For me, Waste Of Space Orchestra have been one of the most intriguing prospects of recent years, even before any musical output came from this collection of twisted Finnish minds. Initially commissioned to play the prestigious Roadburn Festival in 2018, they are a unique collaboration that merges the members of Oranssi Pazuzu and Dark Buddha Rising, two of Finland’s finest and most exploratory progressive bands around. The coupling is one that truly manages to capture both band’s styles, combining the psychedelic effects-laden black metal of Oranssi Pazuzu with the heavy hypnotic riffs and rhythm of Dark Buddha Rising, and the result is as fascinating and mesmerising as fans of both bands might expect. The whole truly becomes greater than the sum of it’s parts.
I was lucky enough to be present at the Roadburn performance, and whilst I remember mind-bending magnificence as all ten members took the stage to produce an intense audial bliss, silhouettes against colourful psychedelic visuals, in all honesty I’ve always struggled to remember specifics from the set. It was a moment in time, something akin to a dream, where vague outlines of concepts and structures could be seen in memories, but never properly outlined and always irreproducible. So the announcement of a studio recorded recreation and release of the project was met with great fervour from me, and much anticipation.
The album’s concept is part of it’s unique appeal, and is something I’m still trying to properly interpret and comprehend fully. The three singers or voices are given characters; The Shaman (Vesa Ajomo) who is seeing oppressing visions from the bleak future of mankind, The Seeker (Juho Vanhanen) who is searching for the truth from unknown dimensions with secret methods, and The Possessor (Marko Neuman) who corrupts the other individuals, manipulating them into his own sinister plan. The tracks tell a tale of their search for knowledge, and of a ceremony leading to the opening of a portal to another dimension, where they become one singular consciousness. The lyrics seem to be a mix of both Finnish and English, which leaves the full story somewhat unknown to me, but even the track titles themselves tell an evocative outline, and the concepts presented in each are very obviously considered in the construction of the songs.
These overarching sci-fi themes and otherworldly impressions are wonderfully captured in the music throughout. There are moments of ferocious intensity and warped vocals, juxtaposed with quieter passages of meandering bass lines and electronic experimentation reminiscent of film soundtracks. Something that strikes me though, is that even between the eccentric soundscapes and atmospheres, they still manage to involve outstanding riffs, moments of pure metallic heaviness with such great force as to gravitate one towards unavoidable gesticulation.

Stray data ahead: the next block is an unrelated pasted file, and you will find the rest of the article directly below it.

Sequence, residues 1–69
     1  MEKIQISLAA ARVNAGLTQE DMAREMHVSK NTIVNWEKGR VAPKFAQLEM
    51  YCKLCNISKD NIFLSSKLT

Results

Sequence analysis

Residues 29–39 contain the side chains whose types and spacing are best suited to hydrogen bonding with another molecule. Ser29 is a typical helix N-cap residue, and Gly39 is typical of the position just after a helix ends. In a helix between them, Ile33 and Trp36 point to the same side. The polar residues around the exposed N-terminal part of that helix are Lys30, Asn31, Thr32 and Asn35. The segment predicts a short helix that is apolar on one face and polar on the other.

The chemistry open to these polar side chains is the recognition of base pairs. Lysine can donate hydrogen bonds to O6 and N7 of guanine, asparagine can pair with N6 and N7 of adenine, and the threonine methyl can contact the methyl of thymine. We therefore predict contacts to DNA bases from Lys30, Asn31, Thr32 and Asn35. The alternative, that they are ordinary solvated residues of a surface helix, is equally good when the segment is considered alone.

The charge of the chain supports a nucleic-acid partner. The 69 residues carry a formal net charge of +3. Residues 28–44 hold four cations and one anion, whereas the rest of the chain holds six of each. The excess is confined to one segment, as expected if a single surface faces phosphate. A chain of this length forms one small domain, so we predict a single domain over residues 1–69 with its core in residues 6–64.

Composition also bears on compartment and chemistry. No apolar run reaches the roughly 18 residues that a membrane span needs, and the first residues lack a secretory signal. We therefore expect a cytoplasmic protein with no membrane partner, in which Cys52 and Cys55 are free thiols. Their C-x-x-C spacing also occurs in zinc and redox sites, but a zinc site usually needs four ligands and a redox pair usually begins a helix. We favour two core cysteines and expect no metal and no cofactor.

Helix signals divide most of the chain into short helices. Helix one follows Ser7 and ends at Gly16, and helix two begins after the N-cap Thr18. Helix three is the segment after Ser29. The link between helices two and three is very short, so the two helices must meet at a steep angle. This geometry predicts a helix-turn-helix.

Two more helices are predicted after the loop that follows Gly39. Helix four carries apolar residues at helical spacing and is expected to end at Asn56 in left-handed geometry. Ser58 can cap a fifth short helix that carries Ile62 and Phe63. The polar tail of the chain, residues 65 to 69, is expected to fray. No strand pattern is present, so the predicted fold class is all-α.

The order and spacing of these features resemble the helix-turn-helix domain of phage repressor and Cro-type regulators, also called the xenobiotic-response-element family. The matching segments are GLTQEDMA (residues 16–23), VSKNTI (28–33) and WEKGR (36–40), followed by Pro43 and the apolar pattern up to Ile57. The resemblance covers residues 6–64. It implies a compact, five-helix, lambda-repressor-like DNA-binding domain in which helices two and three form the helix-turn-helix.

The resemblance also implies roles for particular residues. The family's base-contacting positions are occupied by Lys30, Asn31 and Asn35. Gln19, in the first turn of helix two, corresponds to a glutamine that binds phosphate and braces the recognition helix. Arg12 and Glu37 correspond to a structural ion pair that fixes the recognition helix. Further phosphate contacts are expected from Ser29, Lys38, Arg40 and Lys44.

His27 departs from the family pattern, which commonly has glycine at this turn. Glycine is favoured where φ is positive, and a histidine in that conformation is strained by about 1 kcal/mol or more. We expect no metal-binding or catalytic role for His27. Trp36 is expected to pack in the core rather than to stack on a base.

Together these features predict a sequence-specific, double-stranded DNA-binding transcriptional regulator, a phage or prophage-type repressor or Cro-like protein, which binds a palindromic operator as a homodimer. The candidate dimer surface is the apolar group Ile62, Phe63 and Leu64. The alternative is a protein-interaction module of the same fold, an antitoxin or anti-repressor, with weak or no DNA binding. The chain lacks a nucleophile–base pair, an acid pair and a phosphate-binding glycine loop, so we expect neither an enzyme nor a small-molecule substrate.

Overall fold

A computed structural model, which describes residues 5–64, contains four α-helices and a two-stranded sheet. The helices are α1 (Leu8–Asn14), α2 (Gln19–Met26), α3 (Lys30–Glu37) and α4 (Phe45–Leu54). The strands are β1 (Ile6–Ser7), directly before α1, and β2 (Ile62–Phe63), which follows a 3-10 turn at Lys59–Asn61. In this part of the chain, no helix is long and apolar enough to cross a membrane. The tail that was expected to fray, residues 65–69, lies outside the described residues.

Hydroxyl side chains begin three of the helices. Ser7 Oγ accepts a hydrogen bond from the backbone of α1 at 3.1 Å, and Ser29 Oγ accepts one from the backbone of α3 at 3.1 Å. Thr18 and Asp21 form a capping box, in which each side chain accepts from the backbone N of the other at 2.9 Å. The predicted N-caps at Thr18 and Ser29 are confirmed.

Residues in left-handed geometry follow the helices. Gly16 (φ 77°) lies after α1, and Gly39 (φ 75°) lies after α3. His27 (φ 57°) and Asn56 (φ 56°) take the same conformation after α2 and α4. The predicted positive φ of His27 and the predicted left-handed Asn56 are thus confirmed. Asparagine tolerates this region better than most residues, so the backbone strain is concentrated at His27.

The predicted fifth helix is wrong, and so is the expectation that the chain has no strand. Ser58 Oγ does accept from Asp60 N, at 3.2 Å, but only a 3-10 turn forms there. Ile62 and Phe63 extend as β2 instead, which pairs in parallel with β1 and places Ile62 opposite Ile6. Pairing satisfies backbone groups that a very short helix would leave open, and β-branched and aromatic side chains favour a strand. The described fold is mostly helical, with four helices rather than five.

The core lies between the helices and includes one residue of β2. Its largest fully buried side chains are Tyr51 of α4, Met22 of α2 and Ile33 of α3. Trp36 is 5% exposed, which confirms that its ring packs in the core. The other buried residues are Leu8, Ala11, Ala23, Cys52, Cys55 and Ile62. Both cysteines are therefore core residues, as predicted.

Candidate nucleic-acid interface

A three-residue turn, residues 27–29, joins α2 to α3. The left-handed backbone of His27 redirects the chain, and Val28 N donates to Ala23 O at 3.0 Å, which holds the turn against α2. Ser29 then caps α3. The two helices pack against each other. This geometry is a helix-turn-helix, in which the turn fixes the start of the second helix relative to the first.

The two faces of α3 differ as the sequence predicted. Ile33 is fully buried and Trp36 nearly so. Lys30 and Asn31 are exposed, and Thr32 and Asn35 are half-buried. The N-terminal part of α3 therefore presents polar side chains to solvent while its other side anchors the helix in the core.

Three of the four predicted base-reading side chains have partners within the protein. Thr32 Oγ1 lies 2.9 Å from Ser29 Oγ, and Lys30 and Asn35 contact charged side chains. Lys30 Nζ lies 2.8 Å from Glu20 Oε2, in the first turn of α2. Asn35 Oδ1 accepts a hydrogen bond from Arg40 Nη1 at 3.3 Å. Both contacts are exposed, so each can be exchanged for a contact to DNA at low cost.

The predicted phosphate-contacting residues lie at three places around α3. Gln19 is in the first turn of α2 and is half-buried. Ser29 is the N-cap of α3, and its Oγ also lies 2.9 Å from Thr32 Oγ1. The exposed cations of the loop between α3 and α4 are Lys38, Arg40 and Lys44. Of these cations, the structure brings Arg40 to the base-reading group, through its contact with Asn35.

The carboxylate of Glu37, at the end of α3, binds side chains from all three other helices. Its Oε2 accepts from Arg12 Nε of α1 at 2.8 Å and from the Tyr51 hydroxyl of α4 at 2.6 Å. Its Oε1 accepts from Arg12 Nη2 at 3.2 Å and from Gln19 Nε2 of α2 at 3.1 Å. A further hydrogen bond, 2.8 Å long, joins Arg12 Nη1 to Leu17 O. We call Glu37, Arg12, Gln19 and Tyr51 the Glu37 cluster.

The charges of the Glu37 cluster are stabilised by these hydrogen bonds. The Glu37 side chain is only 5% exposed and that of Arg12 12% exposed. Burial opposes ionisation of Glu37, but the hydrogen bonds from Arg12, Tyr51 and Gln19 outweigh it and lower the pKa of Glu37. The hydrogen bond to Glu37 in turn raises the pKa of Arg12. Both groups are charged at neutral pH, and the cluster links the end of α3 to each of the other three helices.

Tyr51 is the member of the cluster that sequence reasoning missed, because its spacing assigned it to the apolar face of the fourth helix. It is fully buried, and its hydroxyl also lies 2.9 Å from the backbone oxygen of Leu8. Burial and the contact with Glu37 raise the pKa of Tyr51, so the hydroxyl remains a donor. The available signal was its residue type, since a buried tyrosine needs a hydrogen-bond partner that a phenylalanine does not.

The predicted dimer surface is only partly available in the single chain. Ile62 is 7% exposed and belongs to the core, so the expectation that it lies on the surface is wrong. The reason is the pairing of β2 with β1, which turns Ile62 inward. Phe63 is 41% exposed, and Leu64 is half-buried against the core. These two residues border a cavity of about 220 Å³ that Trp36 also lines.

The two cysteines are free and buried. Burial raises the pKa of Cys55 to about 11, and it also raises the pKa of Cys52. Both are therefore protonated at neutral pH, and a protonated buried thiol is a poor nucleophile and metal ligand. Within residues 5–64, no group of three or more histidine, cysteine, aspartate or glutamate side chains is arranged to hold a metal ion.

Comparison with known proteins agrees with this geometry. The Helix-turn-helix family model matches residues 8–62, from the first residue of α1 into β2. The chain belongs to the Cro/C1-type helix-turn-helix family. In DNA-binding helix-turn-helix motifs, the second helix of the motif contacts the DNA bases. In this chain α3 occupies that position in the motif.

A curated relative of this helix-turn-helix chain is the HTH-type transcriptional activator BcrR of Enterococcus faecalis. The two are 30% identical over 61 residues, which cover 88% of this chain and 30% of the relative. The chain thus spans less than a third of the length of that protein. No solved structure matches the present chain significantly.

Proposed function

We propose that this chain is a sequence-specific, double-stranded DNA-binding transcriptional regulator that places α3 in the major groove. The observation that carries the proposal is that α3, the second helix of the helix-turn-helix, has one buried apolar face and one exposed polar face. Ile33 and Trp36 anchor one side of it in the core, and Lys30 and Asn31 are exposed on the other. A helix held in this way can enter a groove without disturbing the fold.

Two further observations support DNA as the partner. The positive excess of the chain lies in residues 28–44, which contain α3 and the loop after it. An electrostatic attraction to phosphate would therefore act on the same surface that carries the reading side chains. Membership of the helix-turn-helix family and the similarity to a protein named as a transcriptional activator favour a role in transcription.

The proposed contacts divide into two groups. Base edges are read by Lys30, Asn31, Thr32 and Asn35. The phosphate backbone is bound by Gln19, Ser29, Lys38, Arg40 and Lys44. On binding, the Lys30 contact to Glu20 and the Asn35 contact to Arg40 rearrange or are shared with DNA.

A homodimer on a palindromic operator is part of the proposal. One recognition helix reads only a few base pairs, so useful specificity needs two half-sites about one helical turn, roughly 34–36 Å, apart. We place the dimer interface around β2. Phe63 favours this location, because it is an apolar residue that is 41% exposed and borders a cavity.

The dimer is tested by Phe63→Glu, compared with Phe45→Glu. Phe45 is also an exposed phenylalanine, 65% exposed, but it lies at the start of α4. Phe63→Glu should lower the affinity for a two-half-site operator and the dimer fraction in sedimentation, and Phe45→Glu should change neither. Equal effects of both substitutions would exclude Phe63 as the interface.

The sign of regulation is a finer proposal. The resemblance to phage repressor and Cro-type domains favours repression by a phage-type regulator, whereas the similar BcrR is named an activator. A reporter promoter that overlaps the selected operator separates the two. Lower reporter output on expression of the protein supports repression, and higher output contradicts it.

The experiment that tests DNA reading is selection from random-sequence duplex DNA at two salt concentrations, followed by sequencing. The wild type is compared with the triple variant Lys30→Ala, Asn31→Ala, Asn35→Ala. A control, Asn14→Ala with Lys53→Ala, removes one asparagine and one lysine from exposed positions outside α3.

It should be obvious at this stage my opinions on the sheer quality of this album; it is truly distinctive, endlessly enjoyable, an utterly intense artistic masterpiece. But I also want to explore it’s themes further; to possibly misinterpret ideas, both purposefully and more likely not. All good music and art has the potency to become personally relatable, to mesh with your own thoughts and conjure a unique experience.
The notion of three distinct parts being or indeed becoming one is nothing new, but how their described individual aspects relate and overlap is always thought provoking. Initially my memories were taken to one of Asimov’s works; The Gods Themselves, where the energetic beings of a parallel universe form triads of rationals, emotionals and parentals; requiring each other in order to “melt” together and procreate. But there was something in the supporting text that made me consider more the ideas of art and the different roles it plays within our minds. The dimensional destination in Syntheosis is described as being “populated by brain-mutilating colour storms and ego-diminishing audio violence”, and it is here our three characters find coalescence, even as a necessity. It’s easy for me to interpret this place as being representative of music, particularly that of the more extreme and progressive genres that are vital predecessors to albums such as this one. The characters could then be considered different perspectives in my mind, different approaches to how music can be enjoyed and absorbed.
Expanding upon this it’s suggestive to me that The Shaman’s bleak visions of the future are ones of artistic extinction and the realistic ending of integrity that can be seen too often. Despite being evocative of magic, it’s a depressing part of the triad, one of nihilistic realism. The Seeker therefore becomes the optimist, the part that searches for answers to this, in the “unknown dimensions” of the musical and artistic underground, using “secret methods” found in the avant-garde and progressive reaches of these areas. Which leaves us with The Possessor, manipulative and corruptive, perhaps the most intriguing and in need of awakening. Music and art are always about escapism to me, transcending and experiencing the indescribable, and perhaps that plan could be considered sinister; it is one that can be distracting or even debilitating, to be so removed from reality. But when all are balanced into a collective consciousness, when the gate is opened and all is seen, this new reality could be considered home. Music (and indeed all art) becomes the question, the answer and the all in between; the enhancer and the diminisher, the provocateur and the appeaser, the meaning.
Release Date: 5th April2019
Label: Svart Records
Buy Album: from Svart Records